The Art of Readable Code by D. Bowsell, T. Foucher

Right now I’m reading a book called “The Art of Readable Code”. It’s full of good thoughts and examples that I want to share. But I can’t fit everything into one post, so I decided to split the summary in 3 posts. This post covers chapters 1-4.

Chapter 1: Code Must Be Easy to Understand


  • Compact is better than bulky;
  • But readable is always better than compact.

Code is more often read than written. The faster one understands unfamiliar code, the easier it is. It’s easy to find bugs in readable code and fix them without breaking the program.

Shorter code is not always better for understanding though:

// This is harder to understand:
assert((!(bucket = FindBucket(key))) || !bucket->IsOccupied());

// ...than this:
bucket = FindBucket(key);
if (bucket != NULL) assert(!bucket->IsOccupied());

So strive for compactness is good, but strive for high readability is better.

Chapter 2: Choose Clear Names for Variables, Functions, and Classes


  • Choose precise words;
  • Avoid general and abstract concepts;
  • Clarify meaning with suffixes and prefixes;
  • Do not make up a too long name.

For example, in the GetPage function, the word get is imprecise. It doesn’t explain whether the page is retrieved from the cache or the web. The names FetchPage or DownloadPage explain better what is happening.

In the example below, it is already clear from the body of the function that retval is the return value.

var euclidean_norm = function (v) {
  var retval = 0.0;
  for (var i = 0; i < v.length; i += 1)
    retval += v[i] * v[i]

  return Math.sqrt(retval);

However, it is not clear what it contains, because of this it is easy to miss the error:

retval += v[i];      // You can forget what's inside and miss the error.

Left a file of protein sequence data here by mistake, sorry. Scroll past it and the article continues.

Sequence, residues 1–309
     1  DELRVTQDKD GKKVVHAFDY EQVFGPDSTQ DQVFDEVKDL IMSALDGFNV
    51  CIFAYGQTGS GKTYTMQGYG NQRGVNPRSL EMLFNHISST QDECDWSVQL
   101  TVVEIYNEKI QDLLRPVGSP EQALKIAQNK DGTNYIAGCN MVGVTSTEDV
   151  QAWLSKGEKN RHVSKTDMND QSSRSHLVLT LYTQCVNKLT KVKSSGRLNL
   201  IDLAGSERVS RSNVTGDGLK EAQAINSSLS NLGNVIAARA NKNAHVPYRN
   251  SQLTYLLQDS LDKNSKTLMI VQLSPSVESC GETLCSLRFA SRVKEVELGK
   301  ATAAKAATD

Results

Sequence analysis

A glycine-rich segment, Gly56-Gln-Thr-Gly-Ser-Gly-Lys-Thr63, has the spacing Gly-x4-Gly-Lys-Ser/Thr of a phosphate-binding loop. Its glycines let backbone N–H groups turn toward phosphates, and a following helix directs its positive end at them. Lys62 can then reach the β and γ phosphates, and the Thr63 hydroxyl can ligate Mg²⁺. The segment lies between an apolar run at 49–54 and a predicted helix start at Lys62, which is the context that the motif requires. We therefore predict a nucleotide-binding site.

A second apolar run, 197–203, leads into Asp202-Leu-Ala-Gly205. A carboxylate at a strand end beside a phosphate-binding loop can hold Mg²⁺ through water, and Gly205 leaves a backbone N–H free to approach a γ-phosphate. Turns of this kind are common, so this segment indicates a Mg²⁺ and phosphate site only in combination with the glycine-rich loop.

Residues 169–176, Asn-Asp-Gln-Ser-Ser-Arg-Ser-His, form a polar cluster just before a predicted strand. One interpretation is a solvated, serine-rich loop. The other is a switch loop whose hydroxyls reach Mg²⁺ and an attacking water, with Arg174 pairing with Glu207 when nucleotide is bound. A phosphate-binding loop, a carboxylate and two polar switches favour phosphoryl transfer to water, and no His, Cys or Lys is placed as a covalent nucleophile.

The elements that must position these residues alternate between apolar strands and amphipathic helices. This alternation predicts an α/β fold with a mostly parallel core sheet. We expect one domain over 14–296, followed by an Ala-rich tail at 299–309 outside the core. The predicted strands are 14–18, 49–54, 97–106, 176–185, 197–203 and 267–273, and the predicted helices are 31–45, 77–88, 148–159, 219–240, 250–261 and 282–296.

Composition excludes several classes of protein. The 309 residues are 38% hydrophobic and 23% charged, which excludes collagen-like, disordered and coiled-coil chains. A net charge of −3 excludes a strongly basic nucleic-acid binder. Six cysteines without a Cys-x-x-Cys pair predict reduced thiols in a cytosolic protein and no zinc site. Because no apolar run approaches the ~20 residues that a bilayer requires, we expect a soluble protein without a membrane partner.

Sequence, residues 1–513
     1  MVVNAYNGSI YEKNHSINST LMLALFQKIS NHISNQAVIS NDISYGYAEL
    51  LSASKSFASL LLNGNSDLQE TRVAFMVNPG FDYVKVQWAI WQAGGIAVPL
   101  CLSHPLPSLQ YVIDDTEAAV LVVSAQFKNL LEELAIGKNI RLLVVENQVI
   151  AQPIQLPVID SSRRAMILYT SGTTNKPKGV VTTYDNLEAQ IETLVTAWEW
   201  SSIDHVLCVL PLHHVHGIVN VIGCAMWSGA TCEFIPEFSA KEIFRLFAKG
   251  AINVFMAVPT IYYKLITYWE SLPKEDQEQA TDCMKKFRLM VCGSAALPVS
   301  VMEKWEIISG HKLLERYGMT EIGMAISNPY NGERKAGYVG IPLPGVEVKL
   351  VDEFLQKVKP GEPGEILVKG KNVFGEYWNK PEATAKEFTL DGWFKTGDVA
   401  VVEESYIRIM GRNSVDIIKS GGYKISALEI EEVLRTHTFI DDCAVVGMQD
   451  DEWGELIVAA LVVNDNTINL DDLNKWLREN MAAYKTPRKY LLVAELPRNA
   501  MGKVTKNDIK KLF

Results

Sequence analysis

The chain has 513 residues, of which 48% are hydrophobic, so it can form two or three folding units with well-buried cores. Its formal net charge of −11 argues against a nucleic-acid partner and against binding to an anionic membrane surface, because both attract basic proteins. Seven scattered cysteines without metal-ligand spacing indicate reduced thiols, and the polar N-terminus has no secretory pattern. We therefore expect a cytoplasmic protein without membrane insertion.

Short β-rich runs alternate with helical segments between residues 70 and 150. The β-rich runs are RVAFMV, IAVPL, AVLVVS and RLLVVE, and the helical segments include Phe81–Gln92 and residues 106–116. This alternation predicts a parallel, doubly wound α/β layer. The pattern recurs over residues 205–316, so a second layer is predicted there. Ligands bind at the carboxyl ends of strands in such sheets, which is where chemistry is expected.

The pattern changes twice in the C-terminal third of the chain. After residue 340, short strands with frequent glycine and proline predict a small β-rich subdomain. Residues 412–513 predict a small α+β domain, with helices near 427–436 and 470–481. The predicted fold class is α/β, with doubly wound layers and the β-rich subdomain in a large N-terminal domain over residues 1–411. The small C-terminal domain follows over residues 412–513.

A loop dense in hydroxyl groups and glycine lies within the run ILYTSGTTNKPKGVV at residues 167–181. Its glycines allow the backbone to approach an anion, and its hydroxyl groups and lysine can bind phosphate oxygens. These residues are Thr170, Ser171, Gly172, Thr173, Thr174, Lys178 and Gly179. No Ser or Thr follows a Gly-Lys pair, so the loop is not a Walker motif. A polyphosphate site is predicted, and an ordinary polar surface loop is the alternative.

sum_squares += v[i]; // “The sum of the squares? But there are no squares here, there's a mistake.”

Instead of abstract names, use specific names that are tailored to the situation. Such names themselves explain what the variable or function is for. Concreteness helps to avoid ambiguity.

Prefixes and suffixes clarify the meaning. For example, measure the loading speed of a web page:

var start = (new Date()).getTime();
var elapsed = (new Date()).getTime() - start;
document.write("Loaded in: " + elapsed + " seconds");

If you are familiar with JS, you will have noticed the error—getTime returns the result in milliseconds. That’s why the code doesn’t work correctly. If you add the suffix _ms, the error will be noticeable:

var start_ms = (new Date()).getTime();
var elapsed_ms = (new Date()).getTime() - start_ms;
document.write("Loaded in: " + elapsed_ms + " seconds"); // “A-ha! Here are seconds, not milliseconds. Need to divide by 1000.”

The length of the name depends on the size of the scope. If the variable lies within a function of 3 lines, a short name is fine. But the larger the scope is, the more accurate the name must be. For example, days_since_last_update will be better than just days.

Abbreviations in names raise questions. You may not have enough knowledge to decipher the abbreviation. Also, the abbreviation is the easiest to misinterpret. So BEManager is a bad name, BackEndManager is better.

If a word doesn’t add to the meaning of the name, it’s better to throw it away. For example, convert_to_string can be replaced with to_string.

A rule of thumb for name selection: “If a new team member cannot understand the meaning of a function or variable by its name, it is a bad name.”

Chapter 3: Avoid Ambiguous Names


  • The title should reflect the meaning;
  • Use prefixes and suffixes to add meaning;
  • Remove the unimportant.